According to estimates of the World Health Organization (WHO), 347 million people worldwide have diabetes, 90 percent of whom are affected by type 2 diabetes. Although previously only seen in adults, type 2 diabetes is now occurring in children, and can include complications such as an increased risk of heart disease and stroke, nerve damage, and eye disease.
The work, published in the journal Proceedings of the National Academy of Sciences, builds upon original research by Nobel laureates and Regental Professors Dr. Michael Brown, Director of the Jonsson Center for Molecular Genetics, and Dr. Joseph Goldstein, Chairman of Molecular Genetics, who showed that insulin increases lipogenesis, the production of fat, and demonstrated the role of insulin in the activity of SREBP family of transcription factors.

Have you ever been alone when you had an insulin reaction/hypo/gone too low?

If you have, I invite you to share the circumstances with me, so that i can learn from your experience.  

I had a low recently when I was alone at a Starbucks in the busy fashion district of New York.     I had gone in there simply to use the rest room, feeling normal.  Just a few minutes before I passed out i was chatting with 2 orthodox fashion designers also waiting in line for the rest room,  When I came out of the restroom, that’s when I felt my pulse had quickened, suddenly signaling to me that I was going low.  It happened in an instant.  So I walked up to the counter, held out a $5 bill and asked them to get me something sugary while I fished out my Glucolift tablets.  As I ate the tablets, I explained to the Barista and Cashier that i have diabetes and was possibly about to pass out.    First they offered me a cinnamon bun.  I shook my head No because it was too much fat to act fast.   Then they offered me a Rice Krispy treat, which I accepted and asked for some apple juice to wash it down. I gulped them down as i leaned against the counter.   I felt myself falling back and asked someone to hold me up.   But I fell down and hit the back of my head.    The next thing I remember was waking up in a stretcher with 2 handsome young EMTs looking at me.   I was disoriented for about 30 seconds until my brain kicked into gear.   We were going to the hospital, against my will, it was too late to argue with them.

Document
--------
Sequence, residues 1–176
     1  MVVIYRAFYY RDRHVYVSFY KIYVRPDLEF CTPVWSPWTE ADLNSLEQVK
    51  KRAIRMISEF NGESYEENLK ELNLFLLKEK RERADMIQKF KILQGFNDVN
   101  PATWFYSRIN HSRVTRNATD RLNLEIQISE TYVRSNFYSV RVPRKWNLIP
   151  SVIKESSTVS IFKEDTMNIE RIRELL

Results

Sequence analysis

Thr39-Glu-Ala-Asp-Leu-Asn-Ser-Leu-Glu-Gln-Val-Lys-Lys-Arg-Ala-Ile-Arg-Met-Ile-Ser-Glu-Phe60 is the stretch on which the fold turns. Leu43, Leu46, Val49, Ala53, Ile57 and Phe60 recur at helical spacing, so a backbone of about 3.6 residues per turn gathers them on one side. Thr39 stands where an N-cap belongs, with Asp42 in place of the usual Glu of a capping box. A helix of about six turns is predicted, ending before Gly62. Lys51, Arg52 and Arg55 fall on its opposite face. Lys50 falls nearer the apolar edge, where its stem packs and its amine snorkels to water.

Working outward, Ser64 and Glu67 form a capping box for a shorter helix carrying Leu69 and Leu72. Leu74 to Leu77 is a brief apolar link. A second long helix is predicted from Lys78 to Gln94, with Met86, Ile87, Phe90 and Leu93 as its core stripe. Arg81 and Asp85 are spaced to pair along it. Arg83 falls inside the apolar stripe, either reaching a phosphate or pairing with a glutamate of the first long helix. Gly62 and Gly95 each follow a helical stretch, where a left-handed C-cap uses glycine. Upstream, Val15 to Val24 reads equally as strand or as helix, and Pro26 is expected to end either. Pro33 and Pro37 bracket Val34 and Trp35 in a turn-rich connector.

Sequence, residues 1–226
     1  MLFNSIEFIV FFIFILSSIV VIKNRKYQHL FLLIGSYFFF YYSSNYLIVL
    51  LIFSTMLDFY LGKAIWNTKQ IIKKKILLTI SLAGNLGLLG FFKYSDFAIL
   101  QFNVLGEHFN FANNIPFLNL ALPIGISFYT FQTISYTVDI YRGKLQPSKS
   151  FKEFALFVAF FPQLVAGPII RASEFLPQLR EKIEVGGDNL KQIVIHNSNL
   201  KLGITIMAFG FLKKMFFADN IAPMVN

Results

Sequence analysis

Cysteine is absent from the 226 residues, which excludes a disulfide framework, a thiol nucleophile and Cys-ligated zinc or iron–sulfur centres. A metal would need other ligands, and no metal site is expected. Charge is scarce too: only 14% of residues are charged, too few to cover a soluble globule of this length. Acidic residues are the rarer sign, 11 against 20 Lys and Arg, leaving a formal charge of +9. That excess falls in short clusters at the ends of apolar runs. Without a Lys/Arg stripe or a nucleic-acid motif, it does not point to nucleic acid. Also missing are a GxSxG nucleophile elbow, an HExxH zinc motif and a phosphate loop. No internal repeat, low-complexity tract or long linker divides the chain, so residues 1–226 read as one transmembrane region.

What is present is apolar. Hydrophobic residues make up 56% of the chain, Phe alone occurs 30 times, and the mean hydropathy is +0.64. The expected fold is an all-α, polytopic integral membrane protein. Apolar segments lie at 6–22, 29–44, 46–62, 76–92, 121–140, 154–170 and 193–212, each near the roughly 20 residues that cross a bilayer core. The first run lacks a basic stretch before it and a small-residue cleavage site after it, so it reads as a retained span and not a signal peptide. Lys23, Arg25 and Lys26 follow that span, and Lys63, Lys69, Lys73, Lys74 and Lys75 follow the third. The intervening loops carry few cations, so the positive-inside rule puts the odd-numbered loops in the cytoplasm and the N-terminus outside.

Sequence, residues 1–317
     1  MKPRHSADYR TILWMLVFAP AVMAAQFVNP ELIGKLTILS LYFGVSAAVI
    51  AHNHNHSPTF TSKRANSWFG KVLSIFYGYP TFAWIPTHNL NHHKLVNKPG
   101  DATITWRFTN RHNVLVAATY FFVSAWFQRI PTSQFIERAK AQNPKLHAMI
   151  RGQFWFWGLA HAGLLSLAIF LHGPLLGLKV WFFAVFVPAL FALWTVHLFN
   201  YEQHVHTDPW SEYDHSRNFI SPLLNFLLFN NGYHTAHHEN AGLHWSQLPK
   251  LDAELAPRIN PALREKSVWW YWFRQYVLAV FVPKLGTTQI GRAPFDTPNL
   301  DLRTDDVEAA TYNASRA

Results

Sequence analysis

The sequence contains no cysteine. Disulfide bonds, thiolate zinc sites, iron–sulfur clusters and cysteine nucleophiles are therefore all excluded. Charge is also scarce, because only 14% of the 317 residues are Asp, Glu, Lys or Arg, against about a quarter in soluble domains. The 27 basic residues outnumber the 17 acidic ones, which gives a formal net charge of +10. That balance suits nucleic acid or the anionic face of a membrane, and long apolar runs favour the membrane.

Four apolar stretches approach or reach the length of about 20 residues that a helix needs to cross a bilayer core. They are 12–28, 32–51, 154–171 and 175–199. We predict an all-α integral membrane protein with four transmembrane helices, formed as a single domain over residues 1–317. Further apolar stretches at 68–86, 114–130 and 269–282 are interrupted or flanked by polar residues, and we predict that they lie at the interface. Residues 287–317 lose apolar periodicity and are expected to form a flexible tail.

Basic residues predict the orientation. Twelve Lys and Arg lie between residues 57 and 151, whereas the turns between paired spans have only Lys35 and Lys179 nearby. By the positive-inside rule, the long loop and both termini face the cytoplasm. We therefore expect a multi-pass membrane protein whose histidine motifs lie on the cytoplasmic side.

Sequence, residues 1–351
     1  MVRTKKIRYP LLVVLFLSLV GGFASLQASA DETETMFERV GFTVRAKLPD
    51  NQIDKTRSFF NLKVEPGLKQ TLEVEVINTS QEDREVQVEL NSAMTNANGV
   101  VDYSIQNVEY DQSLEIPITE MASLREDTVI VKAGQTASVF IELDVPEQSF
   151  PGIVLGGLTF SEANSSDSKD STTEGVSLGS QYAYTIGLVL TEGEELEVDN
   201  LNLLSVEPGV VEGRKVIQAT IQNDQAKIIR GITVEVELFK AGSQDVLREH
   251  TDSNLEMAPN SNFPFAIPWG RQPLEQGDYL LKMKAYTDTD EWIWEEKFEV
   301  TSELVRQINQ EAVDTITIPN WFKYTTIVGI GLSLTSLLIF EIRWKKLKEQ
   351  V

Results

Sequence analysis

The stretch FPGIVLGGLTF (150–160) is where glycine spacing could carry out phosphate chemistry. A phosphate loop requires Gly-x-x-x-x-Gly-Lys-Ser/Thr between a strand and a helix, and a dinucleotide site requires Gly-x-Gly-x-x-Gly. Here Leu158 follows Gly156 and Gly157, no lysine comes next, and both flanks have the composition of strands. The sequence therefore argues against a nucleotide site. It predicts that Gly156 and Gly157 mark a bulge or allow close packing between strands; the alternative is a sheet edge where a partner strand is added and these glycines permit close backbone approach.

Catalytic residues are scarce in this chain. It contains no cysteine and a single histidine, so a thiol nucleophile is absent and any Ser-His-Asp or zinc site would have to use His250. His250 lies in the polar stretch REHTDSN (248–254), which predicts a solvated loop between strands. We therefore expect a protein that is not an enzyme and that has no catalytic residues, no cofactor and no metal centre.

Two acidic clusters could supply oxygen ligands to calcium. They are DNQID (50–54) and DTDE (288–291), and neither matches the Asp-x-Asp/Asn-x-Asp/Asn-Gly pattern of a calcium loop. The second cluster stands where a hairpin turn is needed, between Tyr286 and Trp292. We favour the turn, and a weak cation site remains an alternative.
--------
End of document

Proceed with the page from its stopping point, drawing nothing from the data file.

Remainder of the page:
At the Emergency Room, they did nothing for me – there was nothing to do.   My blood sugar was up to 77.   I never saw a doctor.   Within an hour, I was released, with a blood sugar of 125.    It will be interested to see how much this incident costs.  Starbucks is expensive, but not as expensive as an ER visit.    I may go back to that Starbucks to thank them for helping me out and calling the ambulance.    It must have been traumatic to see me going through that.    That’s something i dislike about having severe hypoglycemia, alone.   When I run low and I am with a friend or relative who knows immediately what to do, an ER visit has never been necessary.      I hope to bring about a public recognitive of the “G” icon as an indicator of where the person with diabetes is carrying their treatment(s) for hypoglycemia, such as glucagon, glucose tablets, gels or candy.  By being able to point to the “G” the person with diabetes may save themselves a few seconds that could make the difference between staying alert or losing consciousness and going to the hospital.  

Here’s how it will work:   a “G” sticker is placed over the pocket where you keep your stash of glucose – on your back pack, fanny pack, purse or other location such as a desk drawer.

For the month of September, the 1st Hypoglycemia Awareness Month, you can get a free “G” sticker.   Email your name and mailing address to info@hypoglycemiaawareness.org

 

Pledge to Share with a G

Wouldn’t it be nice for you and the people you spend time with to have a set place where we keep our Glucolift, Glucotabs, Glucose, Glucagon, Gatorade or other form of glucose.    If you are willing to stick a sticker on the outside of a drawer, pocket in a car console, or other place where you keep your stash of sugar, Sugah, please respond and I will gladly mail one to you.    It might save you time, money and frustration.